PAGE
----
After twenty years as a customer of Telcos and Internet Service Providers, the conclusion I’ve tried to avoid for so long is now inescapable: it really doesn’t matter which one you go with – they’re all crap!
Let me start by reiterating something I’ve said on Matt’s Old Man Rants before: I don’t go out of my way looking for poor customer service. I certainly don’t antagonise innocent telephone staff to the point where their only aim is to give me a horrible experience. Having worked in frontline customer service for much of my working life and, latterly, in roles that support those frontline service staff, I know all too well the highs and lows of working in a high-volume customer service environment. Yes, I have expectations of what makes good customer service. They’re not unrealistically high expectations, just expectations of decent, even-handed, consistent service that’s provided in such a way that shows the customer – without whom no organisation could exist – really is their #1 priority. Over time it’s become abundantly clear that my definition of acceptable customer service and the definition used by the majority of ISP and Telco staff couldn’t be any more different.
So recently I had the very great misfortune of needing to contact my ISP. I’ve had loads of hideous experiences with phone and internet providers over the years, so these days I initiate contact with any of them with extreme caution, absolute skepticism and an obsessive need to have everything in writing. But more than anything else, I enter into dialogue with any of them from a baseline of zero positive expectations.
So psychologically scarred am I from previous jousts with Telcos and ISPs that I now expect the whole thing to go pear-shaped before it even starts. I now expect to speak with ten or more different members of staff about the same thing, re-telling the entire story each and every time; my request will go missing or something will go wrong with it; I’ll have to complain about my outstanding issue just to get it resolved; the response to my complaint will be utterly rubbish, so I’ll need to ask the lovely folk at the Telecommunications Industry Ombudsman to force a resolution. Going into the situation without any positive expectations makes it far easier to cope with the expected outcome. It’s a kind of twisted logic, borne of years of Telco-inflicted torment, which says that if nothing is what you expect and next-to-nothing is what you get, you can’t be disappointed.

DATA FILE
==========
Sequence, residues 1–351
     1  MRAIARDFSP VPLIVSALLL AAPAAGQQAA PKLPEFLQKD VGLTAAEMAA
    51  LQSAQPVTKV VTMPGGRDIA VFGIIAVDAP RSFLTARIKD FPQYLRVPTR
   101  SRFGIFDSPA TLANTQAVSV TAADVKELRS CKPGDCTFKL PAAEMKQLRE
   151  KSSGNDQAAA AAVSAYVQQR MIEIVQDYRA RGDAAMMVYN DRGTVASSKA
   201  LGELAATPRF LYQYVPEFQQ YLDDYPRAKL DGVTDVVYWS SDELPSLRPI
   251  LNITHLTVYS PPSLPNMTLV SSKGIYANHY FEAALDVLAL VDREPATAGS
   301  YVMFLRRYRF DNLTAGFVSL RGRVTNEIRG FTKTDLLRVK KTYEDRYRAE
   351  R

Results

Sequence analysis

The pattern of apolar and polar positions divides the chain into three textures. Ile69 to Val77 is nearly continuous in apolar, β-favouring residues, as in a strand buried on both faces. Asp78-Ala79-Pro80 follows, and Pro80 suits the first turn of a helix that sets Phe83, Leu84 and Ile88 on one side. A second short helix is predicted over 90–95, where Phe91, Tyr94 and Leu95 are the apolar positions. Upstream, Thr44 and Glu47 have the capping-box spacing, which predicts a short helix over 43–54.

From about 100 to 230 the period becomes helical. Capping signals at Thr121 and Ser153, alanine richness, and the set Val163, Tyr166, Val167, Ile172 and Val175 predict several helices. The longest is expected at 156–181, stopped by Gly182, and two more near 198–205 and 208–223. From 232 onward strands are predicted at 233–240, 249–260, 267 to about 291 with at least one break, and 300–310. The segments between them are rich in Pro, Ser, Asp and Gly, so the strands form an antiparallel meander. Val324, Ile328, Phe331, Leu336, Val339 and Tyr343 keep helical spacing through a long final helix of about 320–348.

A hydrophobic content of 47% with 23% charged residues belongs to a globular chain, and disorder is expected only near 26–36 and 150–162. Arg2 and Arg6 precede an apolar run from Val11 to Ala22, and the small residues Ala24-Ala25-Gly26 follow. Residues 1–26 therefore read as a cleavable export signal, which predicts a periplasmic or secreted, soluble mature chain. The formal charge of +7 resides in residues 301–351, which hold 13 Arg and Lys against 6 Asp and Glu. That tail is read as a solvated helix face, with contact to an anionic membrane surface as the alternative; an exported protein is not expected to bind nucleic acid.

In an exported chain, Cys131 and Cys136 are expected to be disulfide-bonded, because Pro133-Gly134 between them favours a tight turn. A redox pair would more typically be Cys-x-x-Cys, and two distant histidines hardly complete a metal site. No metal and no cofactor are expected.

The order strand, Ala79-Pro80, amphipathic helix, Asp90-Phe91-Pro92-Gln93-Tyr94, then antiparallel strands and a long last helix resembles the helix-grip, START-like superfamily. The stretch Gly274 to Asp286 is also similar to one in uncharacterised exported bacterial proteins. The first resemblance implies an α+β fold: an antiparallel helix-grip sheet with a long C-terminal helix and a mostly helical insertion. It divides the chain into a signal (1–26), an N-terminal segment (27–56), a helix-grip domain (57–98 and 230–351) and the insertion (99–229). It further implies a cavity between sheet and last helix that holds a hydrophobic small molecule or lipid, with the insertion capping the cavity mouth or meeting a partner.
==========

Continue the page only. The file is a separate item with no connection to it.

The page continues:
If the many horrendous experiences that have led me to this bleak and jaded place have taught me one thing without a doubt, it’s that contact with one’s Telco or ISP rarely ends in anything but tears or, at very least, significant frustration. Unfortunately, on this recent occasion I had no choice. My connection to the internet had stopped for reasons unknown, so I needed them to work out what was going on and to resolve it. From what started as a technical issue that I was never likely to identify – much less resolve – myself, it transpired that the security of my account may have been compromised, so I was understandably concerned.
Given my position on expectations, with hindsight it was slightly absurd of me to hope for the kind of ownership and accountability that Telcos and ISPs only ever take if they’re forced to. While the immediate issue was resolved by a pleasant-enough tech support guy on one call of not unreasonable duration, both his explanation of what had happened and his general response to my obvious concern were woefully inadequate. I needed more. So after the call I went to their website to provide “feedback”, although it wasn’t really feedback. What I really wanted to do was share my security concerns with them; I wanted a layman’s explanation of how what had happened was even possible; and I wanted to understand any associated security implications. I made my point eloquently and with sufficient – but not excessive – detail, if only to ensure that nobody who read it could misinterpret anything. Or so I believed.